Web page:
As renewable energy becomes more prevalent in coastal environments, research by Julie Miller and colleagues provides important insights into the effects of anthropogenic influences on bird populations; both the risks and how these can be mitigated. Associate Editor Des Thompson and Scottish Natural Heritage ornithologist Andy Douse discuss issue 56:9‘s Editor’s Choice article. Of the globe’s birds, seabird populations are arguably among the most sensitive … Continue reading Editor’s Choice: 56:9 – Understanding the sensitivity of seabird populations to development pressure
In the first post of its kind for The Applied Ecologist’s blog, Dr Lucy Wright, RSPB Principal Conservation Scientist, discusses five articles published in the latest issue of Journal of Applied Ecology, which have been grouped into a special profile on wildlife and renewable energy. All five papers are currently free to read online. Renewable energy is widely accepted to be a vital part of … Continue reading Spotlight: How do renewable energy installations affect wildlife?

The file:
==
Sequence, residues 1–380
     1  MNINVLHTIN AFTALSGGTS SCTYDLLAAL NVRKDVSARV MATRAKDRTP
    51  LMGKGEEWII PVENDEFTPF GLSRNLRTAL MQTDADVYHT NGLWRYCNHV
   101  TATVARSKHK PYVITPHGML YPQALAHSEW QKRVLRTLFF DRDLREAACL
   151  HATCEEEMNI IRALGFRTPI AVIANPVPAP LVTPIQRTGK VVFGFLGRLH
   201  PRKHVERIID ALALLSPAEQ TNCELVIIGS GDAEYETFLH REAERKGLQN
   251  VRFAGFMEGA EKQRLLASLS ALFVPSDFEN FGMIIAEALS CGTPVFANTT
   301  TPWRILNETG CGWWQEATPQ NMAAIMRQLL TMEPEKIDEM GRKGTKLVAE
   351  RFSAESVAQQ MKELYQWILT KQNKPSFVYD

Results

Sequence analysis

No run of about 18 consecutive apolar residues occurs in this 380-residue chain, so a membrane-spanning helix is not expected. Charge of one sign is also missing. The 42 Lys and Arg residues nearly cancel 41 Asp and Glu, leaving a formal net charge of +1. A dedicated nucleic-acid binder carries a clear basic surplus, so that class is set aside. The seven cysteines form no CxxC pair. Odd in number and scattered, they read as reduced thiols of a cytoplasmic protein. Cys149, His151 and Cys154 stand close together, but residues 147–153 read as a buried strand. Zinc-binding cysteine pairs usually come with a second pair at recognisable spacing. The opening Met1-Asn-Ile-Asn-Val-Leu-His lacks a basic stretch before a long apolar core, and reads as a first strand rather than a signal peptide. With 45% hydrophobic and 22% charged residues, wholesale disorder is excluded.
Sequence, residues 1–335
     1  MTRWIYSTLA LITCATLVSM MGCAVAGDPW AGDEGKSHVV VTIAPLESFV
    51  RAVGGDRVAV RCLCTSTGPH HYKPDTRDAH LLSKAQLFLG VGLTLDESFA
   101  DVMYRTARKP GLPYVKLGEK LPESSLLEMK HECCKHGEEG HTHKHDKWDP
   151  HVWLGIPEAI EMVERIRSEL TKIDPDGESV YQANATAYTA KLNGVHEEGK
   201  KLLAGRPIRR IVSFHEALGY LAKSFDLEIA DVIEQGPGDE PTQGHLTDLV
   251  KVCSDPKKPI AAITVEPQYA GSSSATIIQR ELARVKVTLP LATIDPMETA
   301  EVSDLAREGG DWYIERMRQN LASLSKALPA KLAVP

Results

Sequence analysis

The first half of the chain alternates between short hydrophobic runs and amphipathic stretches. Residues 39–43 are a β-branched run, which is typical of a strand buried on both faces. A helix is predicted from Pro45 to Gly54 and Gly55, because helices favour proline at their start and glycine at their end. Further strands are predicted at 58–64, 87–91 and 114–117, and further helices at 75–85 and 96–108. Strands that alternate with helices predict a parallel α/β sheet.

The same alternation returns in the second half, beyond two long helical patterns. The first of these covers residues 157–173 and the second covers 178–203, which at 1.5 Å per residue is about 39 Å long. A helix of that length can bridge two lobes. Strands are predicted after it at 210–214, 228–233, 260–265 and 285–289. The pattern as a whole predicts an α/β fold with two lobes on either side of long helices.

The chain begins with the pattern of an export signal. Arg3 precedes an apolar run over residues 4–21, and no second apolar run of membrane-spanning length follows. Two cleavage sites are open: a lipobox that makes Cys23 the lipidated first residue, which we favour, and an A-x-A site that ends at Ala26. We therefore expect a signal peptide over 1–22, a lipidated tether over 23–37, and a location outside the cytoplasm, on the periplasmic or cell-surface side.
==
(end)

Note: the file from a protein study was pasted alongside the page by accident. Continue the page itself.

In this post Viola Ross-Smith discusses her recent paper ‘Modelling flight heights of lesser black-backed gulls and great skuas from GPS: A Bayesian approach‘. Although the need for renewable energy and its benefits are now widely recognised, this technology does not come without implications for biodiversity and the environment. For this reason, it’s important to assess and quantify the potential risks of renewables to wildlife … Continue reading The birds and the Bayes – new statistical approaches to modelling seabird flight heights